The Shining Girls – Lauren Beukes

shininggirlsFull disclosure: I like Criminal Minds. And no, it’s not just because FBI profiler Derek Morgan is sometimes shirtless and also often kicks down doors or flies through the air to take down the perps. I have to admit that I have a sick fascination with serial killers and their creepy-crawly minds. So Lauren Beukes novel The Shining Girls  seemed like it might totally be up my dark alley (with the crazy person waiting at the end in the shadows.) This book was a recent purchase, never a guarantee that I am going to read it imminently, but  – as it turns out – I did read it in short order. Was it a wholly satisfying experience? Um, no. However, I was still turning the pages way past my bedtime last night, so that’s saying something.

Harper Curtis is a nondescript sort of guy, remarkable only for his limp. Oh, plus he’s a time-traveling serial killer. Why he is able to skip through time is never really explained, but how is a different story. There’s this House (yes, with a capital ‘H’) and Harper has the key.

Kirby Mazrachi is almost seven when she meets Harper. Harper doesn’t like the “unpredictability of children” but he assures Kirby that he will be back for her. He tells her:

I’ll see you when you’re all grown up. Look out for me, okay, sweetheart? I’ll come back for you.

Harper does come back for Kirby; he comes back for all his “shining girls.” Beukes gives us just enough of their stories to make us care about their awful, violent deaths. One by one, he picks them off, leaving mementos of another time with their ruined bodies.

Harper doesn’t count on Kirby surviving, but she does. Now,  years after her attempted murder, she’s determined to find the man who almost did her in. The thing is, since he’s able to move through time, he’s almost impossible to catch.

The Shining Girls might be the sort of book that readers give up on because it’s too confusing or they don’t buy the time travel element of it. I was happy to go along for the ride, especially for the first three-quarters of the book or so. Harper wasn’t especially scary – we don’t really learn anything about him until about two-thirds of the way through the book – he’s pretty much a garden variety psychopath with a penchant for knives and intestines. What really kept me turning the pages was Kirby. She’s smart and resilient and determined. I liked her and I wanted her to be safe.

Something happened, though, near the end of the book. The carefully sustained tension was somehow deflated. Kirby became that girl. You know, the one who chases after the killer all on her own and then goes into the House all on her own…without a weapon. It was more than that, though. (Seriously, I knew she had to chase after Harper and go into the house – what kind of ending would we have had if she hadn’t?)  I think it was just that when all the pieces of Beukus’ intricate jigsaw puzzle were exposed it somehow seemed silly.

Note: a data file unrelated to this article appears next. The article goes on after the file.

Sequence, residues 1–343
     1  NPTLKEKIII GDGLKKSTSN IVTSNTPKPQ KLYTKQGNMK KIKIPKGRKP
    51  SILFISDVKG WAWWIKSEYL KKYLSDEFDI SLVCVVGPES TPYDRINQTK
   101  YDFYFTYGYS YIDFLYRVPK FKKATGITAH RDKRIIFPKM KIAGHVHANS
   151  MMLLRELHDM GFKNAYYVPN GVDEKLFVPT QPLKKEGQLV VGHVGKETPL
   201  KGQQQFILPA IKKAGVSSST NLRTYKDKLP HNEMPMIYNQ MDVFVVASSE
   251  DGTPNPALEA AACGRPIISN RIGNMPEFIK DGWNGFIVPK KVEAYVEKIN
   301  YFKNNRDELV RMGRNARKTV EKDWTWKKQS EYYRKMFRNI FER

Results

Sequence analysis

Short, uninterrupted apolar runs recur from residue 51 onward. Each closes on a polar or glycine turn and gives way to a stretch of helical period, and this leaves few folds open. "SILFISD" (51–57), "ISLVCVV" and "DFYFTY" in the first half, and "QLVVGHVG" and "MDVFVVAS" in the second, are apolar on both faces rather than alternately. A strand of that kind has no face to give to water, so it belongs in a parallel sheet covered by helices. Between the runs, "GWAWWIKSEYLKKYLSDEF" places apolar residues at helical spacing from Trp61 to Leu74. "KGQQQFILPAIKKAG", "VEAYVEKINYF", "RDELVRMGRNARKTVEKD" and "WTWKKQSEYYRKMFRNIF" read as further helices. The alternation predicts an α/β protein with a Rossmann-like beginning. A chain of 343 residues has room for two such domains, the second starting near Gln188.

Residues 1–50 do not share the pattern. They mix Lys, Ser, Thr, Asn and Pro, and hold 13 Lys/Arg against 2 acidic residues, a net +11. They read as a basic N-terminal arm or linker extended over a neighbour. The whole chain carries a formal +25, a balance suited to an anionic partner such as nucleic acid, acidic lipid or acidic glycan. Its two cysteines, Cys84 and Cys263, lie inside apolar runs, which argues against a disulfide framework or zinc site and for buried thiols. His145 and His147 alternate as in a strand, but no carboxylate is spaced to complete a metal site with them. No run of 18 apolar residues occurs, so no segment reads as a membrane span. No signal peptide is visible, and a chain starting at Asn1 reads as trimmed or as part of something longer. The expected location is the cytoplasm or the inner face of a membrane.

Time heals all wounds. Wounds clot, eventually. The seams knit together.

You had me, Ms. Beukes, until the very end. But even still – I’d highly recommend this book as  genre-bending, well-written, page-turning fun. (If serial killers are your thing, that is.)

 

A bookish alphabet…a to zed

A. Author You’ve Read The Most Books From:

I am cheating a bit here and naming two authors. I read Stephen King voraciously as a teen and young adult…and then didn’t read anything by him for a couple decades until I picked up Joyland, which reminded me of why I read him in the first place: he’s awesome. I am looking forward to reading Revival, which sounds terrific. Carolyn Slaughter is probably the other author whose work I’ve tracked down relentlessly over the years based on her novel The Banquet, which remains one of my all-time favourite reads.

Stephen King: Joyland; Misery; Bag of Bones, On Writing; Cujo; It; ‘Salem’s Lot; Christine; The Shining; Firestarter; The Talisman; Carrie; Nightshift; Pet Sematary; Needful Things; The Dead Zone; Rose Madder; The Dark Half; Dolores Claiborne; Skeleton Crew; Danse Macabre; Gerald’s Game; Nightmares and Dreamscapes

Carolyn Slaughter: Story of the Weasel; Magdalene; Dreams of the Kalahari; The Banquet; A Perfect Woman; Before the Knife: Memories of an African Childhood

B. Best Sequel Ever:

ask and answer

I am brutal for starting series and not finishing them, except when it came to Patrick Ness’s Chaos Walking series, which begins with the book The Knife of Never Letting Go. and continues with The Ask and the Answer and Monsters of Men, both of which I devoured in short order.

C. Currently Reading:

The Shining Girls by Lauren Beukes; When You Reach Me by Rebecca Stead and Long Lankin by Lindsey Barraclough

D. Drink of Choice While Reading: Tea

tean and a book

 

E. E-Reader or Physical Books:

Oh please. Physical books. My brother gave me a Kobo a couple Christmases ago and I still haven’t figured out how to work it.